Long a hockey school, UMD sees both basketball teams surge
Two coaches with MSU Moorhead and Concordia ties have led their Bulldogs teams to historic achievements this season.
Head coaches Mandy Pearson and Justin Wieck started on different paths to establish championship level basketball at Minnesota Duluth.
But their programs came together this year to make NCAA tournament history for their school and league.
This is the first time in Northern Sun Intercollegiate Conference (NSIC) history that one school has sent both its men's and women's basketball teams to the NCAA Elite Eight. UMD made conference history, and this is the first time either Bulldogs basketball team has advanced this far into the NCAA Division II tournament.
UMD's women (30-3) are the No. 2 seed and face No. 7 Assumption at 2:30 p.m. Monday in St. Joseph, Mo. UMD's men (26-9) are the No. 6 seed and face No. 3 Black Hills State (S.D.) at noon Tuesday in Evansville, Ind.
UMD isn't just a hockey school. Yes, the Bulldogs have won multiple men's and women's national championships and repeated trips to the Frozen Four. But there has been enough support to go around for hockey, hoops and other sports.
"It starts with the athletic department and the community," said Pearson, a former Concordia star player. "We just have a bunch of people who are caring and excited. They love our players and want to get to know them. The fans come to games, but they're also invested in the players as people. It's just a really fun place to be."
After going 7-19 in her first season seven years ago, Pearson improved to win 23 games and reach her first NCAA tournament in 2019. This season was her fifth straight with an NCAA berth, but first past the second round.
The Bulldogs were motivated to go further after winning the NSIC tournament for the third straight year behind All-America senior forward Brooke Olson. The 6-2 Rice Lake, Wis., native was named Division II player of the year and is averaging 32 points and nearly 12 rebounds in three NCAA tourney games.
"She's always been really talented," Pearson said. "When teams are throwing everything at her, in those moments she's had some of the most incredible performances I've ever seen on the court. That's No. 1. And No. 2, we have a really unselfish group."
That unselfishness played out on the floor last Monday when the Bulldogs overcame a 20-point deficit to win 77-76 vs. Missouri Southern on a shot from junior Ella Gilbertson with 16 seconds left. She finished with 21 points, including 12 in the last 10 minutes.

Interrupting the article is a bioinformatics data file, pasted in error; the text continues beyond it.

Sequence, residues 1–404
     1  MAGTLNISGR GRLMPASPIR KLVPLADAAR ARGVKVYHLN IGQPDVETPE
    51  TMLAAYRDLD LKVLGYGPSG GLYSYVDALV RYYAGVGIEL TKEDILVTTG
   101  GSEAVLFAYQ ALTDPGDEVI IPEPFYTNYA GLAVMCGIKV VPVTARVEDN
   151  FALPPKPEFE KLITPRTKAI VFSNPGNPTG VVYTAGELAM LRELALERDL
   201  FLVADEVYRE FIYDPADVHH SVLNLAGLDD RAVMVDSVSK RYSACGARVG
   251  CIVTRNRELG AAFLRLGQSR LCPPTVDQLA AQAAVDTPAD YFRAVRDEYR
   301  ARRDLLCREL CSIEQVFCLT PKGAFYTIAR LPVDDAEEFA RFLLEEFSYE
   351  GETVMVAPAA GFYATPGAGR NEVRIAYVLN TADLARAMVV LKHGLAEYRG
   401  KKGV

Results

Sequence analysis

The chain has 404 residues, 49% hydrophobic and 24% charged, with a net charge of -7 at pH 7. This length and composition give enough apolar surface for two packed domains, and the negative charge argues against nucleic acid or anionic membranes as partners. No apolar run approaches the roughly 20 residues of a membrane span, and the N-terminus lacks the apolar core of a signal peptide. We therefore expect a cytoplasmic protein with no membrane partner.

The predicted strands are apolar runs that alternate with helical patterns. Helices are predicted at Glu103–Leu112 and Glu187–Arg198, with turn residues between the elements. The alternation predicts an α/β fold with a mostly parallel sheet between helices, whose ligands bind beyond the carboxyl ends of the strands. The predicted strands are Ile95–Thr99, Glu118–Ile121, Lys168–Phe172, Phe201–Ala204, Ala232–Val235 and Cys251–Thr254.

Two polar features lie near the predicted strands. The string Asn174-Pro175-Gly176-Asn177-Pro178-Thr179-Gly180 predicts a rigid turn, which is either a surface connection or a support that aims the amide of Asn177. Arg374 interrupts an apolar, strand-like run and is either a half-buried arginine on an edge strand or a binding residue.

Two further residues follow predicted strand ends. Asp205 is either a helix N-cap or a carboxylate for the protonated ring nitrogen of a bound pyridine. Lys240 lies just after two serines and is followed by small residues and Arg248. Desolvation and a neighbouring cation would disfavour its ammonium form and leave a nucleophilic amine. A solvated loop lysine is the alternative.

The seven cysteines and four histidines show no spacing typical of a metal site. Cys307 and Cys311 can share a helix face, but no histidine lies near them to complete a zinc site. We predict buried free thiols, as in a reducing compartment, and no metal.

Men's sudden surge
One day after that women's triumph, the UMD men avoided a close finish with a 62-52 victory over Southern Nazarene (Ind.) to also advance to the program's first Elite Eight.
"These guys bought into a vision a long time ago," Wieck told reporters after the game. "Winning a regional title was talked about but wasn't really on the radar for Duluth basketball. To go back-to-back nights with our women and men going to the Elite Eight is something special."
Wieck, a former Minnesota State Moorhead assistant coach, took over the men's program in 2018 and had the Bulldogs in the NCAA tournament last season. Like the women, the men got eliminated from the tournament in the first round.
This season, the Bulldogs men finished third in the NSIC regular-season standings, but they got hot at the right time by winning 10 of the last 11 games since Feb. 10. Their only loss during that stretch was to Minnesota State Moorhead in the NSIC tournament final.
Senior Drew Blair carried his team with 29 and 28 points in the last two NCAA tourney games. The Bulldogs also survived in the opening round when Blair was held to six points after suffering an injury. Minnesota natives Joshua Brown, Charlie Katona and Jack Middleton combined for 48 points that day.
Wieck set lofty goals for the program after landing talented recruiting classes. He hopes to continue to make UMD known for basketball as well.
"There were some good things in place," Wieck said. "All we had to do was make some good decisions in recruiting and get the basketball program going in the right direction."
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